Then came the more tricky part. How could I make it do popups?

Remind doesn’t generate the popup windows itself – it calls on another program to make them. So the first question was what program I’d call on to do that.

The Remind FAQ suggested gxmessage, and somewhere else I saw a mention of xmessage.

Xmessage was already installed, so I tried that first. And it worked – but I didn’t like how the windows came out. There seemed to be no way to set the font size, and the default on my system was uncomfortably tiny to read.

(Font size bother seems to have been a recurring theme for me with Hardy Heron – by default it’s been giving me some odd mixes of little and large, clearly not the same settings as Feisty which I had before. Various preference-tinkering was required on other apps to compensate. So I imagine other people might find the xmessage default was perfectly fine for them.)

On the other hand, in gxmessage you can set not only the font size, but the font and background colours. So immediately I was thinking oh, I could have my swimming reminders coming up in blue, and the household ones in dark red, and so on…

Gxmessage turned out to be in Synaptic Package Manager as well, albeit under its pseudonym of gmessage. So, like Remind, it was a matter of a few clicks to install.

What pops up when

Next there was the question of what popups to have when. I didn’t just want all of them blobbing on top of each other in separate windows as soon as the program ran – which is one result you can get ;-)

What I wanted was

  1. today’s non-timed reminders when I logged on, all together in one window. And
  2. the time-specific ones not to pop up then, but only later at their specified times.

I realised that one way to elicit these different behaviours was to have more than one reminder file, and instruct Remind differently when it works with each of them.

(You can use a RUN command in Remind to call another program at a certain time. So that may be another way to do what I’m about to describe – I’m not sure. But I was wary of getting into a tangle with gmessage’s options if I tried it that way.)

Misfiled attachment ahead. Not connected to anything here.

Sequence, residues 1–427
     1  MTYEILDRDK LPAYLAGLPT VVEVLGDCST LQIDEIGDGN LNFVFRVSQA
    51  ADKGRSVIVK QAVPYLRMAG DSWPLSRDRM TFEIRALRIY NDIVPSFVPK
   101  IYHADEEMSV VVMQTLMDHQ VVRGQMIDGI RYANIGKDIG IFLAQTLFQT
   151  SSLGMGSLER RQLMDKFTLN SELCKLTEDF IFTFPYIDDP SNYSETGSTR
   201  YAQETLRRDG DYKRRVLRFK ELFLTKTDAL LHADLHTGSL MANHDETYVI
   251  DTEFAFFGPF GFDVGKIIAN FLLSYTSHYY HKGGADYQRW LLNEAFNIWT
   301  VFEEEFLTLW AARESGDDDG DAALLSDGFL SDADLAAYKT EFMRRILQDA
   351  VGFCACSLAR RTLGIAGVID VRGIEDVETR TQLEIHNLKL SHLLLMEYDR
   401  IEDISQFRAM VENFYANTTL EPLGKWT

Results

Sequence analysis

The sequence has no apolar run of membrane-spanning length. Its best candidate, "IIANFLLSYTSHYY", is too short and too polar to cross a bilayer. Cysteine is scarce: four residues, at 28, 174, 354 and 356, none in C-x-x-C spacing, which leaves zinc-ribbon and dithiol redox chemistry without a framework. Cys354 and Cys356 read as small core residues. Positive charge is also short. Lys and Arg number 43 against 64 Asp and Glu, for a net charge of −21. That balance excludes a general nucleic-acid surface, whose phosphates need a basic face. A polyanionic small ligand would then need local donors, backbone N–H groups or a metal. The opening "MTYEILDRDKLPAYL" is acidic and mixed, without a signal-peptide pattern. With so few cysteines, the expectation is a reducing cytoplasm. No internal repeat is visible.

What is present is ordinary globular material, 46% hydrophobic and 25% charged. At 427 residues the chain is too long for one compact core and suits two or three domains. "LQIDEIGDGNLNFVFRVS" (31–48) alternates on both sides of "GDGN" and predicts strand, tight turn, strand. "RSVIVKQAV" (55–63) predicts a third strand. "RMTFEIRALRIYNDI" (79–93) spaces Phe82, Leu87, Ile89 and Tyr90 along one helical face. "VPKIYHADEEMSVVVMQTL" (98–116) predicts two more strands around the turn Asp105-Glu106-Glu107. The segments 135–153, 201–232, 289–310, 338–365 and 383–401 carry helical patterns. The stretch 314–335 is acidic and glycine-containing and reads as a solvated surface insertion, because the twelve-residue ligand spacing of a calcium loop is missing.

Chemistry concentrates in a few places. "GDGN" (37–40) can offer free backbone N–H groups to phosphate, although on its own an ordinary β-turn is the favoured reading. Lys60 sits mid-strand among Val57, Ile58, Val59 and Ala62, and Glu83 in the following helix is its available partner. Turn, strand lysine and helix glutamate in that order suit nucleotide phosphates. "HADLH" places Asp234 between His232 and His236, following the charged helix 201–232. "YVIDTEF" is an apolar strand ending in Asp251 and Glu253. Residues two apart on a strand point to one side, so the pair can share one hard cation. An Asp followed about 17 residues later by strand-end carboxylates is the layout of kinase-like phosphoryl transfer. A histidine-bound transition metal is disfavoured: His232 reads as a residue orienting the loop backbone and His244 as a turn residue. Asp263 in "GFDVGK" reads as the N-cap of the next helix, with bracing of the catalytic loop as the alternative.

I’ll spare you a step by step account of my experiments. Instead I’ll skip ahead to describing what it’s doing now and how it’s doing it.

Multiple reminders in one popup window

To get today’s non-timed messages all into one window which appears at startup, what I did was:

  1. Set up a separate reminder file called “.reminders-today”.
  2. Invoke it like this (initially tested from the command line): remind -q ~/.reminders-today | gxmessage -buttons "OK:1" -default "OK" -center -font "serif 16" -fg "#579" -bg white -wrap -title "Today's reminders" -file -

That instruction takes everything from the .reminders-today file which would have been written to the terminal that day, and pipes it to gmessage instead.

The options before the “pipe” belong to remind, and the options after the “pipe” belong to gmessage.

It’s the “-file -” option which tells gmessage to use incoming input rather than a pre-determined message. You can also see various options I chose from the gmessage manual page, just to get my popups looking how I want them.

-buttons "OK:1" -default "OK" does a nice thing: it means the OK button already “has focus”, so you can just hit the Return key to make the popup go away.

Strictly speaking, Remind’s -q option is redundant here. It tells remind not to queue timed messages, but in fact it’s fundamental to my setup that I haven’t put any timed messages into this file in the first place. Instead they’re in separate ones.

Different colours and different times

Now, what about my time-specific swimming reminders popping up in blue writing, later on in the day? Here’s what I did:

  1. Set up another file, this one called “.reminders-swimming”.
  2. Invoke it like this: remind -a '-kgmessage -buttons "OK:1" -default "OK" -center -font "serif 16" -fg "#46f" -bg white -wrap -title "Swimming" %s &' ~/.reminders-swimming

Note the different shape of the remind instruction. Instead of piping the whole batch of reminders into gmessage in one go (as they would have appeared in the terminal), it uses the -k flag of Remind to send each reminder individually to gmessage. The %s is where Remind hands the text over to gmessage. (If I’d used this command to process the “today” reminders, each reminder would have been a separate popup, regardless of any timing instruction.)

-a belongs to Remind, and tells it not to display the day’s timed reminders when it first boots, only to queue them for their set times.

-fg belongs to gmessage, and sets the foreground colour, i.e. font colour. So yes – I’ve selected a lovely sky-blue font for this batch of popups :-)

Making it run automatically

My next challenge was to launch Remind automatically, rather than by opening a terminal and putting in something at the command line.

I wanted it to launch on startup. Some of the information I’d found had me poking around looking at .xinitrc and other arcane places. But then I discovered that was unnecessary in Ubuntu. Instead, I needed to go to System > Preferences > Sessions. It has an “Add” button whereby you can add something to the Startup Programs list.

The first thing I tried was to put the command line instruction directly into the “Command” field of the “Add” dialogue. But it turned out the startup process didn’t like that.

What worked instead was to enclose it in a shell script, and call the filename of the script.